ROYAL TEETH: SUNDAY, APRIL 24—GENTILLY STAGE, 2:10 P.M.
There’s a lot that didn’t happen to Royal Teeth since they last released an album: They didn’t record with a major label, didn’t get world-famous and didn’t make a million bucks—all of which seemed possible after 2013’s well-received Glow. After a couple near-misses they’re an indie band again, with business in their own hands and some strong new material up their sleeve. For the time being, they say that will do fine.
Spurred on by its single and video “Wild,” Glow showed a modern pop band with all the right stuff—catchy hooks, glossy production, smart lyrics and a playfully sexy image. And it did succeed in making a whirlwind out of their life for a time. They toured behind it for a year and landed “Wild” on several TV ads, then American Idol came calling. At the invitation of Judge Harry Connick, Jr., Royal Teeth played the song live on the show on March 20, 2014.
“It was the least comfortable I’ve ever been playing that song,” singer/guitarist Gary Larsen says. “I can personally say that I was terrified, but it’s a wonderful thing for a band like us to get to that level. It felt as crazy as it can be—once you get out there and the lights are shining on you, it’s hard to keep your gravity. Everyone there was nice to us and in terms of buzz, it did us a lot of good. And it’s funny because in terms of the life cycle of ‘Wild’ it had already been around for a couple of years, so we thought the song had already run its course, done what it needed to do and it was time to move on. Then we get the email from American Idol and it’s ‘Here we go again.’”
By now they’d signed a major-label deal with Elektra, but this ended before anything was released. Pushed for details, Larsen says that Elektra would have demanded a long-term release schedule that would have kept them sitting on their hands for too long. As for making musical compromises, it never even got that far. “I can’t go too in detail, but the timeline was the gist of it. We’re not a band that makes a lot of money; we have to stay busy to support ourselves. They were going to put us in a position where we couldn’t be active for most of the year, and I couldn’t handle staying home for another six to twelve months.”
Instead they’ve recorded new music with producer Eric Bass, who helmed the original version of “Wild.” The plan is to roll it out gradually, with the single of “Kids Conspire”/”Is It Just Me” coming first, then an EP in early summer and a full LP late in the year. In terms of immediate pop appeal, both songs give “Wild” a run for its money, and the arrangements are more adventurous: The former song is full of exotic sounds, from scratchy-record samples to tribal percussion, while the latter has a guitar-driven sound that’s fairly raw for this band. But what really makes both songs is Nora Patterson’s vocal charm. While she shared most of the vocals with Larsen before, she’s a full-fledged frontwoman this time.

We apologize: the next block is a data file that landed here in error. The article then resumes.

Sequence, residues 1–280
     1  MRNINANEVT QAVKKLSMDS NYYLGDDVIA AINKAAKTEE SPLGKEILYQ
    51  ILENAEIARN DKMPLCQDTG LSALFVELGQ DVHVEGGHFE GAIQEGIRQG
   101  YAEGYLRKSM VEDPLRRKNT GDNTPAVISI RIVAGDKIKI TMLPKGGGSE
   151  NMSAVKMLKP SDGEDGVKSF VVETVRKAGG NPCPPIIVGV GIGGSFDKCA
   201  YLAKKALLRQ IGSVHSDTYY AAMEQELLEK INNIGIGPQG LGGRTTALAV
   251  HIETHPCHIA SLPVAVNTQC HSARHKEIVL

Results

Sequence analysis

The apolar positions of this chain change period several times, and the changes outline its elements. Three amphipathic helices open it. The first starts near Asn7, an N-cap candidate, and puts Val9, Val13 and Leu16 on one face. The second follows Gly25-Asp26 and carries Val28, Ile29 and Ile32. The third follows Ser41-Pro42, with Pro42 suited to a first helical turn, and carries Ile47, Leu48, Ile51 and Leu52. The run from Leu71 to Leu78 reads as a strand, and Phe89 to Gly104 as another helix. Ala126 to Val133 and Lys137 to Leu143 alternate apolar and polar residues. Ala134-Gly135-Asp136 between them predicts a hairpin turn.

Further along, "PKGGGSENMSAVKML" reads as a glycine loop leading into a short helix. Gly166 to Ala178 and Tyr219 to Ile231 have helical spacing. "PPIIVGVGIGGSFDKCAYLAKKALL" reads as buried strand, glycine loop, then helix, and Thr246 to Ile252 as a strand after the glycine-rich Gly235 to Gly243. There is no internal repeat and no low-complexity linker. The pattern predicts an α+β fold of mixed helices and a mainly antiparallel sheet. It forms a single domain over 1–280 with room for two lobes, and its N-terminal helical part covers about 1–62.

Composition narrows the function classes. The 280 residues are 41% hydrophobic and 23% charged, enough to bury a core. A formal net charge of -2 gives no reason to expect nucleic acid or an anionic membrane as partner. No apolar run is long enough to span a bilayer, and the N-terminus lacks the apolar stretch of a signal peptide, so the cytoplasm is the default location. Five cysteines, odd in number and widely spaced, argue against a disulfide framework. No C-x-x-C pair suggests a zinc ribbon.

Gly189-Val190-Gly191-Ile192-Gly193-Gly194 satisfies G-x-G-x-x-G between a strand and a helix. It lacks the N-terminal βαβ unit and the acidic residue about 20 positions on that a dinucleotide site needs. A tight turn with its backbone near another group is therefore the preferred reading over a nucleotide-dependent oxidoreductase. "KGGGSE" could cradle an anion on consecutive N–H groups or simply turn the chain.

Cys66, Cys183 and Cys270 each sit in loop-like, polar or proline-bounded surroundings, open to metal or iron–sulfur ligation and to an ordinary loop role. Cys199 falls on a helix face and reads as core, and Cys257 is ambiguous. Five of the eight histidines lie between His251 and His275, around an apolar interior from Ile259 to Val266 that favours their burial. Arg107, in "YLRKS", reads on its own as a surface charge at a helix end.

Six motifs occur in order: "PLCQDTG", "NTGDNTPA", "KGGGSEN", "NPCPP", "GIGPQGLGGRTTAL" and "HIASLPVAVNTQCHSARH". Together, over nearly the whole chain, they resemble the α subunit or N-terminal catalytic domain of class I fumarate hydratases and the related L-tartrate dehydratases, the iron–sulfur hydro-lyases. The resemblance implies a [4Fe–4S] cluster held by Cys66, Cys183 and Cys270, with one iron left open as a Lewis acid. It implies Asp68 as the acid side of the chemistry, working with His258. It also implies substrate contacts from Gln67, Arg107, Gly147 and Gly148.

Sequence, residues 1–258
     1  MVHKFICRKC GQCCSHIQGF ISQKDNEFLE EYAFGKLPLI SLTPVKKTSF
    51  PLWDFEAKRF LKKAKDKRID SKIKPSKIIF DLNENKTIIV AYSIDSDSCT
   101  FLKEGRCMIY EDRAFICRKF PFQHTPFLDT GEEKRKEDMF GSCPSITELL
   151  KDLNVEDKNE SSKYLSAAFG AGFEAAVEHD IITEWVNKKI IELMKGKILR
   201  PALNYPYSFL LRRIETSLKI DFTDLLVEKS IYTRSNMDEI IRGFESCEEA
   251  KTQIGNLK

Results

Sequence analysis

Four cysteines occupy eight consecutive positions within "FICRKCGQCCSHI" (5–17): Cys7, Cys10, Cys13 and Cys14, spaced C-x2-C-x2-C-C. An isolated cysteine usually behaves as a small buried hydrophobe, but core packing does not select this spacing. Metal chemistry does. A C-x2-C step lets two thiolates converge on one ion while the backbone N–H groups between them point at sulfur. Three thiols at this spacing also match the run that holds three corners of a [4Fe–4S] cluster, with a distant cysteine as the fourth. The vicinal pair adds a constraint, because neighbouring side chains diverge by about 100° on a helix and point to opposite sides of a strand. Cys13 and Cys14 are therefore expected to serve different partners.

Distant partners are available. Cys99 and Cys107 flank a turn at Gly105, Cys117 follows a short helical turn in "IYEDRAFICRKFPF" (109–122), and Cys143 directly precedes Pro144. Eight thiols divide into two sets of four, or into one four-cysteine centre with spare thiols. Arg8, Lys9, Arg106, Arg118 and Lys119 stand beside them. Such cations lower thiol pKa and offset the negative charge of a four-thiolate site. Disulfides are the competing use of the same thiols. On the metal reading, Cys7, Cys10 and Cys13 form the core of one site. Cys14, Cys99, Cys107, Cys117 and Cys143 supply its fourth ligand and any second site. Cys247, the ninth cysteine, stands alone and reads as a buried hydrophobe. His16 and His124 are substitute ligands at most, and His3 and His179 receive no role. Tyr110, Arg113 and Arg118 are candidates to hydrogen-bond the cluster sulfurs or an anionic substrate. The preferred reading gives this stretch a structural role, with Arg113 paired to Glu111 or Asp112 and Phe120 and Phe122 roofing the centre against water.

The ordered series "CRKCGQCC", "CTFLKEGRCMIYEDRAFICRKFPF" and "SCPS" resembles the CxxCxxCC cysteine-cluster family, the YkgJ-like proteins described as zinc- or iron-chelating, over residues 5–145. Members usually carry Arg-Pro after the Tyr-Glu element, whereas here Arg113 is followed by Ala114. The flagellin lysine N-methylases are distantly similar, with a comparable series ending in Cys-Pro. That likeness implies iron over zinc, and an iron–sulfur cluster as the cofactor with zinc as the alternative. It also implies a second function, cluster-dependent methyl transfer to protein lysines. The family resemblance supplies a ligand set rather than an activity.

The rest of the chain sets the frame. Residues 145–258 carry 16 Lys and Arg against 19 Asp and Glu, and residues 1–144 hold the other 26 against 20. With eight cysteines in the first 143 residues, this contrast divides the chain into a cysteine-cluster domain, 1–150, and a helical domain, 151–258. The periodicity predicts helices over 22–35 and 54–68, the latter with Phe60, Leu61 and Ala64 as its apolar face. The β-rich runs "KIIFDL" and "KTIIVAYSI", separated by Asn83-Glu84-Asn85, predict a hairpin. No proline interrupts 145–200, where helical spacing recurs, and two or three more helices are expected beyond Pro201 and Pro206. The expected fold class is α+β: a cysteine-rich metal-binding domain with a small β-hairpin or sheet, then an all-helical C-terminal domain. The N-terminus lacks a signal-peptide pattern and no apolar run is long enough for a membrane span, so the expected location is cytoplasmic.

“That’s definitely happened, but we didn‘t want to make a big thing out of it,” Larsen says. “This is her first band, so recording Glow was a new experience for her—you could tell she wasn’t as much of a presence yet. But she’s really grown, from being home and writing so much, and her lyrics are amazing. You can still hear a little of my voice in there, but I wasn’t going to go ‘Hey, what about me?’ if that’s what works for the song.” The heavier guitar sound is also the product of personnel changes: Keyboardist Andrew Poe and guitarist Steve Billeaud both left after Glow; new guitarist Thomas Onebane is an old friend from Lafayette (the rest of the band now resides in New Orleans). “It probably won’t sound quite as different to the average listener as it does to us, but we feel like the music is coming from a whole new place,” Larsen says. “A lot of the songs on Glow were written via email, and maybe we lost a little of that personality that people respond to. This time we want to capture more of the energy that happens when we play it live.”
One thing that hasn’t changed is the band’s upbeat worldview. The chorus of “Kids Conspire”—“Take me all the way up!”—is partly the band’s pep talk to itself after the ups and downs of the past couple years. “The whole song started with that one chorus idea. It’s one of those songs where everyone can connect in their own way, but to me it’s about not giving up on what you care about—overcoming the fear of growing up and dealing with the heaviness that’s in front of you, but still trying to find that feeling of wonder in the world. So the message is basically to stay hopeful.”